An investigation by the inspector general of the General Services Administration found rampant abuse of an employee awards program of the agency’s Pacific Rim region, the same region that has come under fire for spending more than $800,000 on a Las Vegas training conference for 300 employees.
The report on the “Hats Off” employee recognition program, obtained by The Washington Post, found numerous violations of agency directives, theft and misuse of government purchasing cards in the maintenance of the awards program.
The inspector general found “significant control weaknesses in the Hats Off Program.”
The report found that in fiscal year 2009, Pacific Rim employees received $256 in awards and Public Buildings Service employees in the region averaged $328.
The budget for the program rose dramatically in recent years. In 2008, employees at the Pacific Rim region, which oversees federal property in California, Arizona, Nevada and the Pacific Islands, received $47,012 in gifts. The next year it increased to $211,842, then dropped to $134,596 by 2010. In 2011, the program issued $844 worth of awards.
Jeffrey E. Neely became acting commissioner of the region in January 2009, having been public buildings commissioner. Neely was placed on administrative leave for planning the Vegas training conference. Expenditures for the awards program dropped dramatically after the inspector general began his investigation.
The findings in the report include:
■ Employees associated with administering the Hats Off Program were in the top 10 of recipients.
■ Instances of employees swapping awards with each other and supervisors accepting items from employees.
■ One employee, whose name was redacted from the report, gave “out 635 awards to 113 individuals, totaling $3,175.”
■ The Pacific Rim region maintained an inadequate inventory system and meager security on the storage room that held the gift items.
■ Total employee awards exceeded GSA’s 4 percent cap on employee annual salaries. Awards for Region 9 employees also exceeded GSA’s limit of $99-per-item limit on gifts.
Five government-issued purchasing cards were used to make purchases for the online “Hats Off” store, the inspector general found. In four instances, holders split the purchases to circumvent the cards’ single-purchase limit, a violation of agency regulations.
Unidentified public building service card holders allowed others, including two student interns, to make purchases with the cards to buy items for the store, a violation of GSA regulations.
The employee awards program was founded in 2001 as a merit-based point system that would offer coupons that could be redeemed at the “Hats Off” store. Initially, prizes included GSA-stamped mouse pads and backpacks but eventually included electronic goods.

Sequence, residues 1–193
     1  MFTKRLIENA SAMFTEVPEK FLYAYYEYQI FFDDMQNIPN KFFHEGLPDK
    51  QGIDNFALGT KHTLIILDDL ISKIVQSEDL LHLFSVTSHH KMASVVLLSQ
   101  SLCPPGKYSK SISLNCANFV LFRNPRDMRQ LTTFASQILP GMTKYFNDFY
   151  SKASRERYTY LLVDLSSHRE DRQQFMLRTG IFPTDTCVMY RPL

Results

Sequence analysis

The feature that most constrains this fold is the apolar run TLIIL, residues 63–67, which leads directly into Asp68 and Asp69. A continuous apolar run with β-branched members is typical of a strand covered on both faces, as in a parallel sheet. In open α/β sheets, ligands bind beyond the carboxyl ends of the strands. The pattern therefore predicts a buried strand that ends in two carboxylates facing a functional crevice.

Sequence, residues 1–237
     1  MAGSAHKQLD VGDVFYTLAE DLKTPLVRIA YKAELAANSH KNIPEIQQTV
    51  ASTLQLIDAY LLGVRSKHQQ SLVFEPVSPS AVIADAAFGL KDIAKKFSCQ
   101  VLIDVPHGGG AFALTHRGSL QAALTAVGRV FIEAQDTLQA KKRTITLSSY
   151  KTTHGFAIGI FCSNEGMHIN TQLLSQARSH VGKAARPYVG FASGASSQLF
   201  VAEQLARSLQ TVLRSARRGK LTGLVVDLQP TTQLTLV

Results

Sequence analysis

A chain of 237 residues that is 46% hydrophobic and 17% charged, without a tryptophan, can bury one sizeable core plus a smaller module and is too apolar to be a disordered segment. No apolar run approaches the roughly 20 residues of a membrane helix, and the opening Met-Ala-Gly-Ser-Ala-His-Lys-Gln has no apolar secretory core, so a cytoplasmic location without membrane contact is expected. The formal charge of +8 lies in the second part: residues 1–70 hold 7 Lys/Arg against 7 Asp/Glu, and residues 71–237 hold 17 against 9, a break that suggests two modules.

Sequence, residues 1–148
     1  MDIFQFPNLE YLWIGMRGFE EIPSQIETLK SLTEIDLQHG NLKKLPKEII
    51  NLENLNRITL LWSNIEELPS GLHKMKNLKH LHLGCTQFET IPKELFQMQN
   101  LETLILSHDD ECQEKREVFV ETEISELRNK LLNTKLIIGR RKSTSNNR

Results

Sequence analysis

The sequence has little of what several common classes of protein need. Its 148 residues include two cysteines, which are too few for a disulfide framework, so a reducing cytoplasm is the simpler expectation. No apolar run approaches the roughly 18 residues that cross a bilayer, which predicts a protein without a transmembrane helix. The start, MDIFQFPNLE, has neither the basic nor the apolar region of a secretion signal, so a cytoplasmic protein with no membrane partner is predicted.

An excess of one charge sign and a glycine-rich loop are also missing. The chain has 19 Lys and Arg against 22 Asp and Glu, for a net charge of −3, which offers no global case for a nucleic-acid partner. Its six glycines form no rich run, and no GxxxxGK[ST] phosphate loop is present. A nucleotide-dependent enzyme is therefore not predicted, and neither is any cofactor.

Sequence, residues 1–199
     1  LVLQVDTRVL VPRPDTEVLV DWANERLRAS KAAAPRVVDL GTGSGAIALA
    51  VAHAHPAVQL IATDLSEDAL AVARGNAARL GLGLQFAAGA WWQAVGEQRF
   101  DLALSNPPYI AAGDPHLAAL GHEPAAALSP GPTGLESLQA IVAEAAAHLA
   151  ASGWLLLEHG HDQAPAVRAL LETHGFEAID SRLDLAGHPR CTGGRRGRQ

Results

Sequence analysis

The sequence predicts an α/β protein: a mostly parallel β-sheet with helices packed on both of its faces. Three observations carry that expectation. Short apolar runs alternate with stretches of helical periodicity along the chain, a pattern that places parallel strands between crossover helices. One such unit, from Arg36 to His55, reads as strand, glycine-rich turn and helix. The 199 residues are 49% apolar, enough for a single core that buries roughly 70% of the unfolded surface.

At the start of each fiscal year all non-supervisory employees received 40 virtual “hats” which would be given as peer-to-peer recognition. One virtual hat was worth about $5. Employees could not give hats to themselves, but the investigation found numerous instances of employees swapping hats with each other.
Items in the virtual store included 8G iPod Nanos (redeemable with 30 virtual hats) and Coby 7 Portable DVD Player Tablets (redeemable with 20 virtual hats).
The Pacific Rim region maintained a storage facility on the fourth floor of the Phillip Burton Federal Building in San Francisco. A former GSA employee said items could either be redeemed physically at the storage space, or through an online mall.
The report cited significant security lapses with the storage room. Too many people had access to the space, and administrators often gave out the code to the lock. The office of the inspector general was first alerted to improprieties in the Pacific Rims region’s Hats Off program after more than 40 iPods were found missing and reported to the Federal Protective Service of the Department of Homeland Security. A further inquiry by the inspector general found that 115 iPods valued at $20,000 were unaccounted for and possibly stolen.
The Pacific Rim region organized the 2010 conference that cost $823,000 and included penthouse suites, a clown and a mentalist. GSA Administrator Martha N. Johnson resigned last Monday following revelations of the conference, and two of her senior assistants were fired.
GSA has since terminated the Hats Off program, an agency spokesman said.
The public buildings subcommittee of the House Transportation and Infrastructure Committee, chaired by Rep. Jeff Denham (R-Calif.), will hold a hearing on GSA on April 19.